The Blue Halo Re Ltd. (Series 2016-1) catastrophe bond, that was sponsored by Allianz Risk Transfer, a unit of global insurance and reinsurance group Allianz, has had the maturity date of its $130 million of Class A notes pushed back by one month.
The cat bond when issued secured Allianz Risk Transfer a multi-year source of reinsurance cover for U.S. named storms and U.S. earthquake risks, on an annual aggregate and industry loss trigger basis.
The riskier Class B tranche of notes that were issued have been on watch for losses after 2017’s hurricanes Harvey, Irma and Maria, with the notes marked down severely in the secondary market for months now.
The Class B notes remain priced for a roughly 60% to perhaps 70% loss of principal, but with maturity scheduled for later this month this tranche of notes has not had its maturity extended yet.
The $130 million of Class A Blue Halo Re 2016-1 cat bond notes though had not really been marked down, with their pricing sitting at anything from 97 upwards at this time, depending on the broker pricing sheet looked at.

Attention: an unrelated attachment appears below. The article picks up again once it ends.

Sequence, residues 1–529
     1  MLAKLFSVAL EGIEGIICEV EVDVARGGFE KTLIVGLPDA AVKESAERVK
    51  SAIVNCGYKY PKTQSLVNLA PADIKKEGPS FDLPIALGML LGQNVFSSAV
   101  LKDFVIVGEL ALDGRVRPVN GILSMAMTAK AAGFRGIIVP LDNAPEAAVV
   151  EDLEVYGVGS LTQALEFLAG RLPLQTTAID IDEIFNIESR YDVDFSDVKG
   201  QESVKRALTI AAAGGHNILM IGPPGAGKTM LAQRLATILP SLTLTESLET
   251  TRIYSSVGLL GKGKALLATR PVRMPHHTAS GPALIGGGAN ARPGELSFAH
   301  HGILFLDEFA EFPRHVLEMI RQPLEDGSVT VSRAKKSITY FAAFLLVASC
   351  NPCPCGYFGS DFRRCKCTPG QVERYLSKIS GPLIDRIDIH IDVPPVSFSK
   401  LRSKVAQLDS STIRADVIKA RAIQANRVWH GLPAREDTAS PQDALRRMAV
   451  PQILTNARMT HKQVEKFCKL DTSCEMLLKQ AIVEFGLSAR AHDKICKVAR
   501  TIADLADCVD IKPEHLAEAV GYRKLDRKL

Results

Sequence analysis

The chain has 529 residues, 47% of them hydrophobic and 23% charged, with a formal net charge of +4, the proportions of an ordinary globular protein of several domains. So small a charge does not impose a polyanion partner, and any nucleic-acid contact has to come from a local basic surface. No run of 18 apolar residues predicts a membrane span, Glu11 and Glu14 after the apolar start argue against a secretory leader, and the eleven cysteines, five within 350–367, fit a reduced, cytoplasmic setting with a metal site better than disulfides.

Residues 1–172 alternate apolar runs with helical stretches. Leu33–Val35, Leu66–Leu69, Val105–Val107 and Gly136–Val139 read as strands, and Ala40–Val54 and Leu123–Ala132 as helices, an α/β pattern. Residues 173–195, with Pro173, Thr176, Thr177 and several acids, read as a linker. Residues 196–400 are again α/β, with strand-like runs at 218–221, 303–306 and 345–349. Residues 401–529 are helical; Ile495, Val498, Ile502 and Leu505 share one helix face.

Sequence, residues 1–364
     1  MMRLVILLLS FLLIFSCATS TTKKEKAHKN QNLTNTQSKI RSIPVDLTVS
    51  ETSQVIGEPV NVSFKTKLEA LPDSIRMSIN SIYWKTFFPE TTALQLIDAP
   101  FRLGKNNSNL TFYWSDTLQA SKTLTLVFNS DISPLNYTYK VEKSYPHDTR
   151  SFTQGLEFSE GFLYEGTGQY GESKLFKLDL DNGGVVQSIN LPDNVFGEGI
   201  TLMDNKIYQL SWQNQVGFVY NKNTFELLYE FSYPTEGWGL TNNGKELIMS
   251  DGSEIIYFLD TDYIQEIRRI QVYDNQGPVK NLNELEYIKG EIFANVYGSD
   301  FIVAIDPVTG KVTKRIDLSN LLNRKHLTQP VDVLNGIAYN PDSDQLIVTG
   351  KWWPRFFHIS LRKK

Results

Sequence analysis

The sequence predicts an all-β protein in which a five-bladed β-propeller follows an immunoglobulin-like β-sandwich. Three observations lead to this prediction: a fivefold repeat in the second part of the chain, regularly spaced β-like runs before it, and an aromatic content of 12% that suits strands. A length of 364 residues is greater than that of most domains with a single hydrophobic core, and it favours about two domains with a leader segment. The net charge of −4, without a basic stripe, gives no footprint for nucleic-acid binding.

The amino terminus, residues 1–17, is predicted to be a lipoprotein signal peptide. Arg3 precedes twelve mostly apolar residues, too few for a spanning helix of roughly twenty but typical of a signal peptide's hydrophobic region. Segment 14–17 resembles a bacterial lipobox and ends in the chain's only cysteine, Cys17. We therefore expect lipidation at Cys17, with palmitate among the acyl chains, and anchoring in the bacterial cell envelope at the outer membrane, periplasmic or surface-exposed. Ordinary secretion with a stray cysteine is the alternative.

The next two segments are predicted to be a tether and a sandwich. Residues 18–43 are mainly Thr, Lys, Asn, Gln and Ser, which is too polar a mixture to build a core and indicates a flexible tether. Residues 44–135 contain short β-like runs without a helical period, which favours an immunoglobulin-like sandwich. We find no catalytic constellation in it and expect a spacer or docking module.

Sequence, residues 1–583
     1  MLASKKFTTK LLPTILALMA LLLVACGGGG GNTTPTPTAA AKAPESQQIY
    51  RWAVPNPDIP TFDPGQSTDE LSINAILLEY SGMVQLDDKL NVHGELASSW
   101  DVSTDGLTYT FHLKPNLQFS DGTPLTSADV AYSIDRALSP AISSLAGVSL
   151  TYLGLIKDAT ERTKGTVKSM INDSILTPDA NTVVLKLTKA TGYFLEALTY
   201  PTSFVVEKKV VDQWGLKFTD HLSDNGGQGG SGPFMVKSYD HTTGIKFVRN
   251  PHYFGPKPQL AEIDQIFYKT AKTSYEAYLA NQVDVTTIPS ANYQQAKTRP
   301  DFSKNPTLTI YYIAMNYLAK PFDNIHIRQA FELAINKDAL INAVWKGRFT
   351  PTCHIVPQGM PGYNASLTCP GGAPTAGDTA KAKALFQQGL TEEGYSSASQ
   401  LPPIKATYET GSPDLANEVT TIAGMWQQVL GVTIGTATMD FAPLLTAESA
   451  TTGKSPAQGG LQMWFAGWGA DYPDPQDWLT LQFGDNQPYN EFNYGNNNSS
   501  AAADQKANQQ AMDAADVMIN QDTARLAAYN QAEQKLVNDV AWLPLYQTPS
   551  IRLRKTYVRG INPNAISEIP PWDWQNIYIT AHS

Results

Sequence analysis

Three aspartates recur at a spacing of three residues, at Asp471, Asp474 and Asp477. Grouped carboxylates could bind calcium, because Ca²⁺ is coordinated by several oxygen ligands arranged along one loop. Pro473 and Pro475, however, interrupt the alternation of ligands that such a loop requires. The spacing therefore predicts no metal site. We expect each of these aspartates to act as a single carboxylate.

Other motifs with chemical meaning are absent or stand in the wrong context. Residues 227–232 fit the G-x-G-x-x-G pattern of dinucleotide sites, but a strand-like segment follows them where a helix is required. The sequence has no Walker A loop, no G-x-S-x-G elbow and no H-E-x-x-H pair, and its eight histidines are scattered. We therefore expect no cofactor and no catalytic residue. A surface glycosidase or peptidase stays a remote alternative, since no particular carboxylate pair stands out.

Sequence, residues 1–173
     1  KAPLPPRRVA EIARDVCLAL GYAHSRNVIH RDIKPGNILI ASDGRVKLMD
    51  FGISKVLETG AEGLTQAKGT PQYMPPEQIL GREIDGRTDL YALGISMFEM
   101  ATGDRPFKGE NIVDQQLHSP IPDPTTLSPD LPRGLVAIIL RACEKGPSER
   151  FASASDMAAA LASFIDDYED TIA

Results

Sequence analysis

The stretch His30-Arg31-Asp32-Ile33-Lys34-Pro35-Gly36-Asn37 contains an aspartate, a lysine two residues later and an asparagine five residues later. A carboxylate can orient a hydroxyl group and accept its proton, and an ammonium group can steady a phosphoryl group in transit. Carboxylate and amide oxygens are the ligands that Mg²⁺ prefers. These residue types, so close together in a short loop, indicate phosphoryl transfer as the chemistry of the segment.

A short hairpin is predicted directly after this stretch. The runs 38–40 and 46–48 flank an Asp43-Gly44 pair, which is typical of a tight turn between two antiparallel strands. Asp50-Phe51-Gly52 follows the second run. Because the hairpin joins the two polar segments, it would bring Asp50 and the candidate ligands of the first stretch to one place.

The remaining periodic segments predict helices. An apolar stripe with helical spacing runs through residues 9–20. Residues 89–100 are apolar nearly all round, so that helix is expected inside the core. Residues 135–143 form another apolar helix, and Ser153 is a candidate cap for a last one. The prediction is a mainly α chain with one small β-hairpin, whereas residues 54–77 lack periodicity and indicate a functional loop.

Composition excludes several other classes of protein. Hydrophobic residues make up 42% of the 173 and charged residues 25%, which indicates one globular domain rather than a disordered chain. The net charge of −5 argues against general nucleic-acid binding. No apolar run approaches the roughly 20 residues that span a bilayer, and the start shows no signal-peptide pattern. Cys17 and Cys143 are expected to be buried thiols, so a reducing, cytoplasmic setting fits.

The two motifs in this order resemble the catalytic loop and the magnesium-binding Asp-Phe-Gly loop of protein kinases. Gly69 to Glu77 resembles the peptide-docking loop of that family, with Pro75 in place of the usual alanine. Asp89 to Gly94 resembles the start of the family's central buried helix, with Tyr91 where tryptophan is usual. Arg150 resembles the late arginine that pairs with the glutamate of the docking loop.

That implies losses currently aren’t really anticipated, but still the sponsor has elected to extend maturity of the notes by one month.
It’s possible that this Class A tranche of notes has had maturity extended is to allow for the already expected to face a loss Class B notes to mature and for the sponsor to realise a reinsurance recovery under them and to check that there isn’t a chance of a further recovery from the Class A notes.
It’s also possible that the extension has been opted for as there could be some fresh industry loss estimate updates from third-party data providers expected in the coming weeks.
The Class A notes maturity was slated for June 21st, but has now been extended to July 22nd 2019.
Whatever the reason, it seems likely that being an aggregate cat bond, these notes are potentially seen to be exposed in some way to the 2018 catastrophe loss events, given there haven’t really been any major events so far this year that the Blue Halo Re 2016-1 Class A notes could have been exposed to.
We’ll update you should any further information on the fate of these notes come to light.
You can read all about the catastrophe bonds that have defaulted, faced a loss of principal, or that are considered at risk of loss on our page detailing catastrophe bond defaults and potential payouts.
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